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building wealth

by Daniel Varzari

November 1, '19

2019 Insights on building wealth — Art Collectors


Global wealth insights and how to build wealth through art.

Financially driven collectors are incorporating art into their long-term wealth strategies - and more actively purchasing, selling, gifting, committing, and lending pieces from their collections. But, there's still a chance for collectors to incorporate artwork into their overall financial plan, because many have not yet the chance of being advised about integrating art into their plans.

Collectors Today

While Baby Boomers and older generations still compose the majority (53%) of collectors, Millennials are the fastest-growing section, together with possession among all Millennials increasing to 36%, up 8 percent from last year. Aesthetic value is still the primary motive for collecting across age classes (62% agree). However, younger collectors tend to be more financially driven. Besides generational changes, the art world can be seeing gender shifts in its collector base. Whereas men have mostly dominated the conventional art world, women are now an increasing presence. Today, 1 in 3 high-net-worth female either owns or is considering collecting artwork.

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Markets Dynamics

Survey results show an active market with anticipated increases in both earnings and acquisitions. In reality, greater than three-quarters of art collectors expect to make a buy within another year (78 percent ), including nearly all (97 percent ) of Millennial collectors, 87 percent of Gen X collectors, and 64% of Baby Boomers (see Figure 2).

And while only 41% of Gen Xers and 24% of Boomers plan to market this year, 85% of Millennials strategy to sell their art in another year -indicating that younger collectors are far more dynamic, selling works as they construct their collections. This also suggests that the marketplace may see increasing turnover moving forward. Also, the survey shows rapid expansion in online acquisitions. In 2018, 43 percent more collectors purchased artwork online compared to the year before. 78% of Millennial collectors have bought artwork online in the past year, in comparison to one-fourth of Baby Boomers. The largest growth in online acquisitions was driven by the female (16 percent in 2018 to 36% in 2019).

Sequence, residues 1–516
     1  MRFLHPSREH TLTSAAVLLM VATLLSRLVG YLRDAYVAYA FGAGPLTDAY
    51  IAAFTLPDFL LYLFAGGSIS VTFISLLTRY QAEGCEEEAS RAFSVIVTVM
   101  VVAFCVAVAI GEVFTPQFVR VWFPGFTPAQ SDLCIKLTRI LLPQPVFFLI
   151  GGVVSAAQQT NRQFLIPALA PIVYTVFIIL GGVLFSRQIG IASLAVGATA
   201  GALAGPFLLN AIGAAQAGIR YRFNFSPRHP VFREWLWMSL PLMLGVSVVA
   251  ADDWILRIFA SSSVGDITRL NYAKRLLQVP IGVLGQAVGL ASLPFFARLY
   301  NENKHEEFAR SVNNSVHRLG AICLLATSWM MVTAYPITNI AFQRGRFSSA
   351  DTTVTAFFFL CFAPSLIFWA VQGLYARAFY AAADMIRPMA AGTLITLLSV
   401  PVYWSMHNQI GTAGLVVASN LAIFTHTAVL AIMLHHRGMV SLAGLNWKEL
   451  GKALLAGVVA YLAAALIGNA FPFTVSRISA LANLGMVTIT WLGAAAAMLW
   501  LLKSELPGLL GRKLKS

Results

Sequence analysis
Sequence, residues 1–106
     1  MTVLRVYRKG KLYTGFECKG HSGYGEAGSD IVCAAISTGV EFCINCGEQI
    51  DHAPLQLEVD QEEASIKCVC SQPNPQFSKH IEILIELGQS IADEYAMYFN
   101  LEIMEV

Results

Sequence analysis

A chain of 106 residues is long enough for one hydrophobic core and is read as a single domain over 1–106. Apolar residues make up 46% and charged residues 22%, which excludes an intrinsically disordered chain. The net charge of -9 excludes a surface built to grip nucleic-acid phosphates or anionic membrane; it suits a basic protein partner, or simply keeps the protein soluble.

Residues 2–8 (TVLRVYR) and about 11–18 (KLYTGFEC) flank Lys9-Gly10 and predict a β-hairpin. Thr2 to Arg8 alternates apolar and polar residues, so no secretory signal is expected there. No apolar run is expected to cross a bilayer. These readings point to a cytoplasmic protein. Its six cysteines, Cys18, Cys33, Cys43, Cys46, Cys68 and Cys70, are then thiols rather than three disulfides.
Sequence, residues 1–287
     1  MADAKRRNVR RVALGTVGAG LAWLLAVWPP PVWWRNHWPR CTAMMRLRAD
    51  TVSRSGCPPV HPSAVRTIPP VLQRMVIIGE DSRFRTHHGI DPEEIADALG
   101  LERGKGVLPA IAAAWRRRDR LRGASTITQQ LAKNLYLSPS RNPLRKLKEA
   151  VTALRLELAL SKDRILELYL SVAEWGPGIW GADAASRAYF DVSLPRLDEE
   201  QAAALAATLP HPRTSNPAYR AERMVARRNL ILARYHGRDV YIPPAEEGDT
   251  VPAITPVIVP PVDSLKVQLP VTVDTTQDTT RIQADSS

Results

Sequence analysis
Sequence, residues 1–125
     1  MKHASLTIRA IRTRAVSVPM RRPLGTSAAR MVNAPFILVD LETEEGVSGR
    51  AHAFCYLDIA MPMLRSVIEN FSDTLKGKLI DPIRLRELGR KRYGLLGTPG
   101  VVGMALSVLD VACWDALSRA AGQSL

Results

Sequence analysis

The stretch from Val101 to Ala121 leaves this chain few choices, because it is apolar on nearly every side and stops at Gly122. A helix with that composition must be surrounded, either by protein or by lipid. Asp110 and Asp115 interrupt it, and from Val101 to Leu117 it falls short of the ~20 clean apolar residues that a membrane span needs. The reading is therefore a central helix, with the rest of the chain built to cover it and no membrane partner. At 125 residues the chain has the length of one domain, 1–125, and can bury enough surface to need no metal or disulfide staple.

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Wealth and Worth strategies

What’s a Wealth Tax Worth? Today, collectors are also progressively creating estate planning and legacy opportunities through gifting, committing, and lending. In the next year, about half of collectors intend to gift a work of art (46%), and nearly half plan to loan (46%). While 37% of collectors have gifted or handed art to family members in the past, half (50 percent ) plan to do this in the upcoming year. Plans to gift or loan fine artwork generally follow the same patterns as buying and selling, together with younger collectors citing the most active plans within this area. Collectors may be contemplating these avenues for possible tax benefits and as part of a charitable giving strategy related to their selections. Thirty percent of collectors intend to donate one or more pieces to nonprofit arts organizations, while 21% plan to contribute to other nonprofits--trades that would likely have tax implications. Overall, 19 percent of collectors are thinking strategically about the best way to lower taxes, up from 12 percent last year.

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Building Wealth

As the art marketplace expands and costs grow, more collectors are incorporating tangible assets like artwork in their long-term wealth strategies. Historically, the huge majority of collectors haven't considered art to become part of the wealth preparation strategy, but now that is changing. Up from 29 percent a year ago, nearly half (42%) of collectors, including 72 percent of Millennial collectors, now integrate art into their wealth structuring and planning.

The more financially driven collector base is also forcing an expansion of art-collateral lending. More individuals are using their collectible assets to unlock capital to redeploy to different areas of their financial life, such as property, a private company, or even to finance the purchase of more art. 21% of collectors used their art as collateral for loans to acquire new artwork, up from 7 percent only a year ago.

Despite the increasing popularity of art as a critical component for building wealth, there is still a significant chance for collectors to consider it within their overall budget. Today, only 21% of collectors and 18 percent of those considering amassing are building knowledge about incorporating art into their long-term wealth strategy.

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About author Daniel Varzari holds a Ph.D. from The University of Durham. Lives in New York. Has also lived in the United Kingdom. He is the CEO of DVG Group Corp, a real estate developer, and investment trust. He is the founder of Virtosu Art Gallery and an art collector. His collection include paintings by Picasso, Kandinsky, Rotko. He is a connoisseur and expert in abstract art.

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